The early history of the state saw firm electoral dominance by the Republican party. In 1889, Republicans prevailed in the first election for governor and scored majorities in both chambers of the inaugural state legislature. William Owen Bush, Washington's first African-American legislator, is credited with introducing the legislation that led to the establishment of Washington State University. Elected as a Republican from Thurston County, Bush was known as a tireless promoter of Washington agriculture.[3]

Republican policies in the early period of statehood were advanced by the party-connected Seattle Post-Intelligencer and, later, by the Seattle Republican. Founded by ex-slave Horace Cayton, the Seattle Republican would grow to become the second-largest newspaper in Seattle before it folded in 1917. "The success of the Republican Party is one of its highest ambitions," Cayton said of his publication.[4]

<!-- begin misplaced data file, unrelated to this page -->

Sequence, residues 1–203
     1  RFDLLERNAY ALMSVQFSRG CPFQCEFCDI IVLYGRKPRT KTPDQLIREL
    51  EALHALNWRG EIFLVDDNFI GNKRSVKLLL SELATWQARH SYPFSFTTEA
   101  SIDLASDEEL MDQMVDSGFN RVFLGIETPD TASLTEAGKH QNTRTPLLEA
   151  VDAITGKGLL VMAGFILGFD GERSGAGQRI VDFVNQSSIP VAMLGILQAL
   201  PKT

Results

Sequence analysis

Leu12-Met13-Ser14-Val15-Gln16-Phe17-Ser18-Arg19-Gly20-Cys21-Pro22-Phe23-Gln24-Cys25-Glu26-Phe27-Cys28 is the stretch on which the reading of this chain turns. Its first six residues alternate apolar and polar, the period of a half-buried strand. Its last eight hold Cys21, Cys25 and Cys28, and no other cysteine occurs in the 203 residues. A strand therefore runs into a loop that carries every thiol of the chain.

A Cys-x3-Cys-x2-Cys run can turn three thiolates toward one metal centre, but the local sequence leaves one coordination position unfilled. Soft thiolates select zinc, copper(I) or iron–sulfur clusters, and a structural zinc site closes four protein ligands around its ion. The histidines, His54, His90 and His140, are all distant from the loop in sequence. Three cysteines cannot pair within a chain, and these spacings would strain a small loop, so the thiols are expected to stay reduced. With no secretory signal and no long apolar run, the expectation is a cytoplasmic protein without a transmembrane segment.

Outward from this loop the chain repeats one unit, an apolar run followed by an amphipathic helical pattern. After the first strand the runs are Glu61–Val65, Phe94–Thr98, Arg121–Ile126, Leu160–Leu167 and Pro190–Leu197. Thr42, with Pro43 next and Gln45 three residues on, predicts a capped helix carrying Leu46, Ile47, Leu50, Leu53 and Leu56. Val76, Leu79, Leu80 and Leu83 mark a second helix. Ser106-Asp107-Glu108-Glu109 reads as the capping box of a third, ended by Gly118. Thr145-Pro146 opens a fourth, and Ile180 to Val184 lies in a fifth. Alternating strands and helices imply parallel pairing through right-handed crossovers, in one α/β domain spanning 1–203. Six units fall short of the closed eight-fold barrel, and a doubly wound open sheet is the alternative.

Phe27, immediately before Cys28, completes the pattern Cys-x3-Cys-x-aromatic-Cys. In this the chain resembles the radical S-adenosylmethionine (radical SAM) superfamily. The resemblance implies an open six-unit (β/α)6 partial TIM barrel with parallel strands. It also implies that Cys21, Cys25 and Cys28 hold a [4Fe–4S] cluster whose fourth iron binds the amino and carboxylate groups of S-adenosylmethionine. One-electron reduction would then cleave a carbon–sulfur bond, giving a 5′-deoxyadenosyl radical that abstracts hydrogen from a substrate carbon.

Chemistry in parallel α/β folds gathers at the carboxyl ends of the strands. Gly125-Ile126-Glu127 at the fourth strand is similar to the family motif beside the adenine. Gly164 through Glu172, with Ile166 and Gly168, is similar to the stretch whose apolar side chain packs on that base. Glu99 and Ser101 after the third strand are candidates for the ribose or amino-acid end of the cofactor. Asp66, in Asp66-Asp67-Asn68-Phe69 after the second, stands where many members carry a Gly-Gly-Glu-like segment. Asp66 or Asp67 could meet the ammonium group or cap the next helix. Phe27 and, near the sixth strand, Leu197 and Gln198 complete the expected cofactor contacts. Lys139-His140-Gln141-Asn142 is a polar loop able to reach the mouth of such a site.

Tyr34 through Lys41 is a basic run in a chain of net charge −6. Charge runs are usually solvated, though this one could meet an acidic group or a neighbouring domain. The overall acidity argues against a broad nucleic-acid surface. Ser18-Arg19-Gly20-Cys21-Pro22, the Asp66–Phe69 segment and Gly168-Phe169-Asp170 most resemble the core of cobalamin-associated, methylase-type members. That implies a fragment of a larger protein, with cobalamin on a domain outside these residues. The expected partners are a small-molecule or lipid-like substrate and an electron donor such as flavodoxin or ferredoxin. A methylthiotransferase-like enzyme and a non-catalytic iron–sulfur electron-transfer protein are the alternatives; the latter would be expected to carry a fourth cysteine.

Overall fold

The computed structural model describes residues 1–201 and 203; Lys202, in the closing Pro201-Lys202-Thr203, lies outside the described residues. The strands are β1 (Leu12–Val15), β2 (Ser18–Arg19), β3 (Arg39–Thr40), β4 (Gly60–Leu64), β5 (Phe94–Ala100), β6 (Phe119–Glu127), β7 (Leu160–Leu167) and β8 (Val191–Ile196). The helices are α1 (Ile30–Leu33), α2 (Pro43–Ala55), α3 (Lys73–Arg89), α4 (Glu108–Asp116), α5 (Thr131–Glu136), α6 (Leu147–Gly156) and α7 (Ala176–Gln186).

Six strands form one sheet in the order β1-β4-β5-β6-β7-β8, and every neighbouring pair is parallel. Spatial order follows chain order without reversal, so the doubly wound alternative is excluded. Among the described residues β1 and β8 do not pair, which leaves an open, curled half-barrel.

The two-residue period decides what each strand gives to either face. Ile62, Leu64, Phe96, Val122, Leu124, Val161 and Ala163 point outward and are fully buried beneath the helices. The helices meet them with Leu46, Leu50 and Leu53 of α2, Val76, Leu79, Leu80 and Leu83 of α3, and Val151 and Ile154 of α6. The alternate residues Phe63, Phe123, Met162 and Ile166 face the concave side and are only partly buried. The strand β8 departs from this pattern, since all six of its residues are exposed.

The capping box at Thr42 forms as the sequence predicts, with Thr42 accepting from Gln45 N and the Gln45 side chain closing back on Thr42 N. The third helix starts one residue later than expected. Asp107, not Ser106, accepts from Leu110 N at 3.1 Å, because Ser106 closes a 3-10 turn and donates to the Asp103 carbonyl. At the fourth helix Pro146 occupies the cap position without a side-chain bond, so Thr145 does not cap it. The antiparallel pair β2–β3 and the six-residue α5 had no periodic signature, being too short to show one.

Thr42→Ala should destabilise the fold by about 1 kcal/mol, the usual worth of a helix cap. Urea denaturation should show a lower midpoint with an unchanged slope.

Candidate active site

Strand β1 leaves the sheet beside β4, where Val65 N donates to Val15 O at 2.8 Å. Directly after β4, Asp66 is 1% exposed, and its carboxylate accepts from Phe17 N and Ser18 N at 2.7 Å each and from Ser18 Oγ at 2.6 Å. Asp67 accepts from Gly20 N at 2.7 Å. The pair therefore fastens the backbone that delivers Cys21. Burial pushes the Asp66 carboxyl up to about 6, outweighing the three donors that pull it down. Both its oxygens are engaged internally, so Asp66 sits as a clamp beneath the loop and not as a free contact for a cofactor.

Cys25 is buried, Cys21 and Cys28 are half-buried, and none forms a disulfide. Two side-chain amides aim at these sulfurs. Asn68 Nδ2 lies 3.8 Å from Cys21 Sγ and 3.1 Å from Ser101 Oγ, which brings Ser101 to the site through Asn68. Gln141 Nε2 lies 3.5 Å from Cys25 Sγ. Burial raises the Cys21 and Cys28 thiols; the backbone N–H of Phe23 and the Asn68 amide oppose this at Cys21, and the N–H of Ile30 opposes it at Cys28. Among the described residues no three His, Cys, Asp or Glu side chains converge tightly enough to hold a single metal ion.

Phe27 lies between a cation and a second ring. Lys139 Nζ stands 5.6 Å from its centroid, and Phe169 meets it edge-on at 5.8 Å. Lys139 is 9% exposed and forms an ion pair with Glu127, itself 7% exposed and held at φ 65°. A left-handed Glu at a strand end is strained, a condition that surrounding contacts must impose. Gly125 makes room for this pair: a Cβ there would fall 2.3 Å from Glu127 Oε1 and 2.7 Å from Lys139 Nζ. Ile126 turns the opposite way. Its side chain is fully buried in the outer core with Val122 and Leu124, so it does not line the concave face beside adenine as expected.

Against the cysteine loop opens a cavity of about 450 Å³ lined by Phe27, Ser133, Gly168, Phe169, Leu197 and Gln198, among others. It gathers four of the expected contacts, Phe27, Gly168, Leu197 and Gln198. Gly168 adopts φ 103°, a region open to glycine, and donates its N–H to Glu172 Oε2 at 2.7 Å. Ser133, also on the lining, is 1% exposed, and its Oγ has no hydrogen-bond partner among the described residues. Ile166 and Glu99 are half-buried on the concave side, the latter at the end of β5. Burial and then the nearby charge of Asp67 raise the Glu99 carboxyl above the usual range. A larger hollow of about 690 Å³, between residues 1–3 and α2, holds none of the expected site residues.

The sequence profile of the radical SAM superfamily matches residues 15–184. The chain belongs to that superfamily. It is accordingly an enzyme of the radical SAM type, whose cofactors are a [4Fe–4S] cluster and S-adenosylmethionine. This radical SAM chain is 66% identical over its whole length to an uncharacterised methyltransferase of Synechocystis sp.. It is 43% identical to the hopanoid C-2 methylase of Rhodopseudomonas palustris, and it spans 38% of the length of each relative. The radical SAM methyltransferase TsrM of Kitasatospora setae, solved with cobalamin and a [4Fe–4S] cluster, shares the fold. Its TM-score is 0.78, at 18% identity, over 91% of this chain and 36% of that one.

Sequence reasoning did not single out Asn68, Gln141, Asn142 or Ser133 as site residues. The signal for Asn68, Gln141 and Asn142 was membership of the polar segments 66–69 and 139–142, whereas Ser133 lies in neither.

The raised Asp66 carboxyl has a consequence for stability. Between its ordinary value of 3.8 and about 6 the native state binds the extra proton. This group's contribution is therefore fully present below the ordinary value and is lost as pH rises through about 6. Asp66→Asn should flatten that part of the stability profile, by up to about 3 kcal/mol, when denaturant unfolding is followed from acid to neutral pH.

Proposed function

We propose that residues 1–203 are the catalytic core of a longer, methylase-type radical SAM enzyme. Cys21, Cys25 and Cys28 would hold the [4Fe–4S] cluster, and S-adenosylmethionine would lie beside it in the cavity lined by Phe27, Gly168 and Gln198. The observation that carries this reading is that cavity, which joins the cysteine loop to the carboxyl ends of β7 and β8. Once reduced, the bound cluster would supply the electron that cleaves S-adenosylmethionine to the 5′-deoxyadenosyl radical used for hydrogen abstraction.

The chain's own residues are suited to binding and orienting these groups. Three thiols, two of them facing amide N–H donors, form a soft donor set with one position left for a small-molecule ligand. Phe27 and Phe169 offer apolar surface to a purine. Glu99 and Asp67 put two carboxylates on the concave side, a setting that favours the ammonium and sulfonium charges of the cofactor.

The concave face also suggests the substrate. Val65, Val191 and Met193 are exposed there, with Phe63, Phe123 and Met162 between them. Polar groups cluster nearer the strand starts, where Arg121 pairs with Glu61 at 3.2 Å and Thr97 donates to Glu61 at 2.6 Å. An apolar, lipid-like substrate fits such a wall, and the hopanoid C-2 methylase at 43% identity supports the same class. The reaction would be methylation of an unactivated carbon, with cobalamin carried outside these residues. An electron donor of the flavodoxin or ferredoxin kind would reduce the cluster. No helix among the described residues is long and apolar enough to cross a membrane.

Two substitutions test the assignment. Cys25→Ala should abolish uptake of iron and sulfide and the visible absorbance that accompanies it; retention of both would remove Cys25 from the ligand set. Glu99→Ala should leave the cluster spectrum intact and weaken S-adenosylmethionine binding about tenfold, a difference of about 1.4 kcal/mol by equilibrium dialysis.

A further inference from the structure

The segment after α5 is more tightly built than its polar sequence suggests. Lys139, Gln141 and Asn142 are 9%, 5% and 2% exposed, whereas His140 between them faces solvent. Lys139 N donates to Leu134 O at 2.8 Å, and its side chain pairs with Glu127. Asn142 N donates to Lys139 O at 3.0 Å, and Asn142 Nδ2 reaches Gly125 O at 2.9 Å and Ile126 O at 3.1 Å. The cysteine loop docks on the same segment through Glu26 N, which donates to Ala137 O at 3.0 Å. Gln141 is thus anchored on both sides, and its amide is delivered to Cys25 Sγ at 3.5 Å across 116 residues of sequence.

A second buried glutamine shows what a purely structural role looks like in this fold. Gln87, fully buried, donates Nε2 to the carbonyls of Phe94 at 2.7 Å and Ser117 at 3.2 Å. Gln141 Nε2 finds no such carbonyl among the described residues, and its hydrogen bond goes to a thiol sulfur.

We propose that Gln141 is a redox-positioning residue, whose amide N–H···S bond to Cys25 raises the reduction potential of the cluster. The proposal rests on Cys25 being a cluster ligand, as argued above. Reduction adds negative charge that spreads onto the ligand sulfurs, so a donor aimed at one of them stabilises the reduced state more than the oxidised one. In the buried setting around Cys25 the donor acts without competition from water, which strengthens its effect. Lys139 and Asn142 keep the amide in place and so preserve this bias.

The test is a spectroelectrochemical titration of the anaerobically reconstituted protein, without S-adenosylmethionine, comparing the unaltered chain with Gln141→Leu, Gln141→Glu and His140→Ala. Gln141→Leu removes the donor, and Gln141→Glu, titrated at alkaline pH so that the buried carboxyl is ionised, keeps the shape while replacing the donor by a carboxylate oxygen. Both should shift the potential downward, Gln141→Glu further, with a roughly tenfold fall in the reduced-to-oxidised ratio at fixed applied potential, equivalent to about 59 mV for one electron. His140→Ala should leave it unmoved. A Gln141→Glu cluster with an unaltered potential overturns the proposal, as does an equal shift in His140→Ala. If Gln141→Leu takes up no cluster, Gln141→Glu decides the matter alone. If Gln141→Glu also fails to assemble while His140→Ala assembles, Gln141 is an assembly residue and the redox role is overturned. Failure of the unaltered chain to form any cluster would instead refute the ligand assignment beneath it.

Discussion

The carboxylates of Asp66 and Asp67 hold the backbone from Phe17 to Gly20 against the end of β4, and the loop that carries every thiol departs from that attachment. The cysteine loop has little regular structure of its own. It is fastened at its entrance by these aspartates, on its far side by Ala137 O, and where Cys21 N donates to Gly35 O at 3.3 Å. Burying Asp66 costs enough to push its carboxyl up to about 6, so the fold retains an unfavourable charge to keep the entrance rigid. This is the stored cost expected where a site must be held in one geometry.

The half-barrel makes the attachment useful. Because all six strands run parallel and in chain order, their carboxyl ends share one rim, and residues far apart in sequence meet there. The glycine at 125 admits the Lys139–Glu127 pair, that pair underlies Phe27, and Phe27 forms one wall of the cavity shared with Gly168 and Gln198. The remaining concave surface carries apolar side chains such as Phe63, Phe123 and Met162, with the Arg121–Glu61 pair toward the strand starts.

In 1922 Republican Reba Hurn of Spokane became the first woman elected to the Washington State Senate, serving from 1923 to 1930. Hurn advocated for conservative fiscal policies and was a supporter of prohibition, but otherwise espoused a generally liberal social agenda, helping to pass the state's first child labor laws.[5]

Charles Stokes became the first African-American elected to the state legislature from King County in 1950. He led the Republican party delegation to the 1952 Republican National Convention where he spoke in support of Dwight Eisenhower's presidential nomination and later introduced the legislation that created Washington's Lottery.[6]